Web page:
Even if your credit history is pristine, it only takes one 30-days past due report to cause a material change in your score.
Whether you were short on cash or just simply forgot, the FICO algorithm doesn’t distinguish—and the result is the same.
This allows us to provide competitive interest rates on student loan refinancing. Since FICO is used widely throughout the lending industry, including by mortgage, auto loan, and credit card providers, it gives lenders an apples-to-apples comparison of potential borrowers. While the various factors and weightings used in the calculation are publicly available on FICO’s website, its algorithm is proprietary, which means that no one can predict exactly how a specific financial event will affect your score.
For example, a late payment will likely reduce your score, but by how many points is anyone’s guess.
But if you mismanage student loan debt, your credit score could suffer—and that could have a big impact on your financial future. Do I need a good credit score to take out a student loan?
As a student loan lender, we get a lot of great questions about how student loans affect credit score. The answer depends on whether you’re talking about federal or private student loans.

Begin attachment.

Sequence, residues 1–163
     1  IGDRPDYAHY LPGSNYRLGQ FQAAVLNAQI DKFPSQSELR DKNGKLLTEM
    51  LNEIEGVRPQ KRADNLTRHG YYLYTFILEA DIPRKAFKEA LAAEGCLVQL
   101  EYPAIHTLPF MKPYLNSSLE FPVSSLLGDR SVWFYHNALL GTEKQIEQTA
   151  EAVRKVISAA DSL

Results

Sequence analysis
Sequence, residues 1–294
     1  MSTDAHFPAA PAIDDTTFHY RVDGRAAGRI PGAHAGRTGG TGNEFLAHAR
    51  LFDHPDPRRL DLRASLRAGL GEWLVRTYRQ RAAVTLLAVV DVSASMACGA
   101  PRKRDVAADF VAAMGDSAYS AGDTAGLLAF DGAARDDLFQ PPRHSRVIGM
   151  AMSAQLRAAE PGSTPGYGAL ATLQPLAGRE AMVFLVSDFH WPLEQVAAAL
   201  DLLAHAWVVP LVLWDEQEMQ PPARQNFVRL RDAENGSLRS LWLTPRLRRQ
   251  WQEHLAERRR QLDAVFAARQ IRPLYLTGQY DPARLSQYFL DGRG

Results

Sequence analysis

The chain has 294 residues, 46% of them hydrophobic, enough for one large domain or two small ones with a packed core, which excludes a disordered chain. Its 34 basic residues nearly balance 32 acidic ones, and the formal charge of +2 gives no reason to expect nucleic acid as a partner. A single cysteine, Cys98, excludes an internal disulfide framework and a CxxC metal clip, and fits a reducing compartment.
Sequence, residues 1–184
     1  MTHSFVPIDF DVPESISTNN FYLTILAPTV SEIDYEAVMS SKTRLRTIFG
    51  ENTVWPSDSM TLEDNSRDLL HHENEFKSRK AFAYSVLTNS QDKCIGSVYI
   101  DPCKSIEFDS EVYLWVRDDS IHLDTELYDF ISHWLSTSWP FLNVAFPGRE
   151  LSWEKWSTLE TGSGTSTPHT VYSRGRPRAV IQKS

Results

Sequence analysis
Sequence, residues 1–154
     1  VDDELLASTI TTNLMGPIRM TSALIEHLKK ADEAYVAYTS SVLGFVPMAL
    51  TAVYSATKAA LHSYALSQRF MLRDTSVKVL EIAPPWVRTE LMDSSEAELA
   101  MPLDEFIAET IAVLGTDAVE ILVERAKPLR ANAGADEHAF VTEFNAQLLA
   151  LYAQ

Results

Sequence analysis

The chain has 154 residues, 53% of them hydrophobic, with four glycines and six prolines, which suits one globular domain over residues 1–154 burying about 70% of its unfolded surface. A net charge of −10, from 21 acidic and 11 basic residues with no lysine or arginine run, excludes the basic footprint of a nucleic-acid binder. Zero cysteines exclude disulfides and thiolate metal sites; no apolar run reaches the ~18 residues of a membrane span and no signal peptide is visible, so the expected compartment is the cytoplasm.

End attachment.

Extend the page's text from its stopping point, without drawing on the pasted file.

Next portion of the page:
So, if you have trouble remembering to make your payments, set up an automatic payment plan; most lenders will give you a small discount on your interest rate for doing so.
Federal loans don’t take credit scores into account, which is why every borrower gets the same interest rate regardless of financial profile.However, federal PLUS loans do require that borrowers not have an adverse credit history, which is defined by Fin Aid as “being more than 90 days late on any debt, or having any Title IV debt within the past five years subjected to default determination, bankruptcy discharge, foreclosure, repossession, tax lien, wage garnishment or write-off.” For private lenders, your credit score is usually a key factor in determining not only student loan approval, but also the attached interest rate.